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Frontpage Interview’s guest today is Glynn Custred, Professor Emeritus at California State University East Bay, Hayward and a member of the American Anthropological Association and the Association of Borderland Studies.
FP: Glynn Custred, welcome to Frontpage Interview.
I would like to talk to you today about what is happening in Mexico and the consequences on the United States. There is surely a crisis at hand, seeing how, among other things, the Department of Homeland Security recently issued a statement declaring that the U.S. government does not have “effective control” of the U.S.-Mexico border.
Let’s begin with this question:
Is Mexico a failing state?
Custred: Thanks Jamie.
Mexicans bristle at the mention of Mexico as a failed state. Yet if we look at what is going on down there, this designation seems more and more appropriate. The Global Policy Forum describes a failed state as one that “can no longer perform basic functions such as education, security, or governance,” a situation which comes about for various reasons. One is fractious violence within the country that leads to a breakdown in normal state operations, and in the emergence of informal markets that operate beyond the state’s ability to tax and regulate. Banditry also increases and often powerful non-government forces, such as warlords or drug cartels, dominate certain regions of the country. That is what is happening in Mexico today. You can read about it in open sources. The Los Angeles Times has been particularly good at reporting the story in a series they have titled “Mexico under Siege.”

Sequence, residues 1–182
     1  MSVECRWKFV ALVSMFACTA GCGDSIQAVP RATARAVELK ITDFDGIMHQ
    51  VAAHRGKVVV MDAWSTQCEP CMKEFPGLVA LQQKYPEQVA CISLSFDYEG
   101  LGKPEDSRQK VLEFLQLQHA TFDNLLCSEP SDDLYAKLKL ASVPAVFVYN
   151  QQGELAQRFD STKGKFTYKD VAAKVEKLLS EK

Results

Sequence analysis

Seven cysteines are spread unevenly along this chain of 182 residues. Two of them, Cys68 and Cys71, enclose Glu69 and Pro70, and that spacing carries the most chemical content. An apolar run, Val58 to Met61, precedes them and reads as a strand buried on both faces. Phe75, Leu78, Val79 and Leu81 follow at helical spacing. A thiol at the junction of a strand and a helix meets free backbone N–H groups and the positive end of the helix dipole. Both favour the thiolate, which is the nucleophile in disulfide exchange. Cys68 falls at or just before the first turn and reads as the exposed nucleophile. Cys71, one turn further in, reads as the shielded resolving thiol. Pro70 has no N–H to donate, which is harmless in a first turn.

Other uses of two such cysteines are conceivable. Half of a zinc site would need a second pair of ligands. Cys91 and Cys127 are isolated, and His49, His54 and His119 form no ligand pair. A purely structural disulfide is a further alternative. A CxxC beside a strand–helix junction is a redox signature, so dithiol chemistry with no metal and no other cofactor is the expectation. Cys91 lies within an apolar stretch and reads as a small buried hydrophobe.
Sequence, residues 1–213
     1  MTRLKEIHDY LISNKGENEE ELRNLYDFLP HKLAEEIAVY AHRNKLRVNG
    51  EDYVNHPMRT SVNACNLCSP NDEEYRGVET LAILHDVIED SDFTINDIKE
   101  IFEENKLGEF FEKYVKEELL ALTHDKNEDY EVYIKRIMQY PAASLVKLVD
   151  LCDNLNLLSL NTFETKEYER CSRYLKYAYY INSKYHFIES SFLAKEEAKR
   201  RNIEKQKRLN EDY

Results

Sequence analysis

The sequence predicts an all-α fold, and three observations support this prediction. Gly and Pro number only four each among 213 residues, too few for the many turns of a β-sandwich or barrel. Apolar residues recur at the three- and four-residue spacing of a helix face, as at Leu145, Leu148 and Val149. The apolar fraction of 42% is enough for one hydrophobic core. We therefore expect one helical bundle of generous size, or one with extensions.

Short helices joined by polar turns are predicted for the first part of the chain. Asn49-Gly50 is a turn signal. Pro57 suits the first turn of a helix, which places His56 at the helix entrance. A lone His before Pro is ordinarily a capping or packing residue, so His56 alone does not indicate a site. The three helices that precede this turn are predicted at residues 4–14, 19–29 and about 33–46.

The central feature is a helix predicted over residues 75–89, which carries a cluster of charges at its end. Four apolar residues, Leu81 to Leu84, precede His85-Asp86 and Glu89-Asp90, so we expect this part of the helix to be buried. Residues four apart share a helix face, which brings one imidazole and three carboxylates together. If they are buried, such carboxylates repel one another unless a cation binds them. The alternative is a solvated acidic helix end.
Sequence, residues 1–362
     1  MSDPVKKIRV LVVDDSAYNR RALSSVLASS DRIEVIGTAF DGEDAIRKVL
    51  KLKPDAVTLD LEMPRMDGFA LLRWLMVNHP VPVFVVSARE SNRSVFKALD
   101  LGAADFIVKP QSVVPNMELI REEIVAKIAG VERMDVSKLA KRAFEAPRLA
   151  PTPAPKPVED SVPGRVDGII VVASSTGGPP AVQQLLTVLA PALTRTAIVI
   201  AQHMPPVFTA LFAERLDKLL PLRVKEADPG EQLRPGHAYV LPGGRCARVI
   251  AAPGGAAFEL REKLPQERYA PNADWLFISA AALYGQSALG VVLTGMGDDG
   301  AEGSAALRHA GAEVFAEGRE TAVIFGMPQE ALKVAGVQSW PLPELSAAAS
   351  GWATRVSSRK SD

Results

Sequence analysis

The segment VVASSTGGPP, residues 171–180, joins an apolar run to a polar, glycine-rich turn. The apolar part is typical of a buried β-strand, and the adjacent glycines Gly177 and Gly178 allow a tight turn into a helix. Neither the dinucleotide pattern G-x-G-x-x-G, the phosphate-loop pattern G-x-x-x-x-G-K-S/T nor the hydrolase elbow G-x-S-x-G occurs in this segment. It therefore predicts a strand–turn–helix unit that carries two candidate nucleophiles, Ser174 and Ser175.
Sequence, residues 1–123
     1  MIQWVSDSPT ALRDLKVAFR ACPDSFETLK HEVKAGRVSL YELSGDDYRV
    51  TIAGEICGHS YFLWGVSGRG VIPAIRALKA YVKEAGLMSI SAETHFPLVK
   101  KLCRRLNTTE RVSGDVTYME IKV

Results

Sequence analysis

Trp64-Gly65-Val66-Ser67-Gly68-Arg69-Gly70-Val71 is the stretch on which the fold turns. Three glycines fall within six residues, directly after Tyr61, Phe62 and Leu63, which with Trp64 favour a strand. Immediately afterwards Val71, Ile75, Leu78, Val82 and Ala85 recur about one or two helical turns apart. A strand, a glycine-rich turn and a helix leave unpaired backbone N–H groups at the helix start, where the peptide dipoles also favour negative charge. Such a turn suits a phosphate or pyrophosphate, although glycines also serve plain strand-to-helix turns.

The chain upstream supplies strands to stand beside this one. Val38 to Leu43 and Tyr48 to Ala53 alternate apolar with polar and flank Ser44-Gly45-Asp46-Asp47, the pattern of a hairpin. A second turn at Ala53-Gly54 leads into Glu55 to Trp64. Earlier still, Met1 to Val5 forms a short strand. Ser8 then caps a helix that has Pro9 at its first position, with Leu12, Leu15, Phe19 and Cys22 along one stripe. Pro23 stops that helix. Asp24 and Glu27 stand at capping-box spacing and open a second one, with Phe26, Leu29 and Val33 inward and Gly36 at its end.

FP: How did Mexico fall under siege?
Custred: The process began in Mexico when the drug cartels struck back at President Felipe Calderon when he tried to bring them under control. Local officials have been murdered and local police have been corrupted. Many police now serve as armed agents of the cartels, and not as agents of the government and guardians of public order. For example, six municipal officers in the state of Nuevo Leon were recently arrested for complicity in the assassination of a local mayor. State and federal police and the Mexican army have confronted local police at gun point, and further evidence of police collusion is piling up every day.
The failure of local government finally reached the point where President Calderon launched an initiative to amend the constitution so that he can eliminate the country’s 2,000 municipal police departments. If the measure passes, the duties of local authorities will be performed by state and federal police.
But state and federal police are also subject to bribery and are under vicious assault by the cartels. Policemen are routinely murdered, brutal scenes of torture have been shown on the internet by the cartels and victims have been decapitated to intimidate the authorities and the local population. By now the situation has gone far beyond that of a police matter. The Mexican army is now engaged in what has become an internal war for control of the Mexican state. President Calderon admitted this when he said that it is clear that the cartels mean to take over.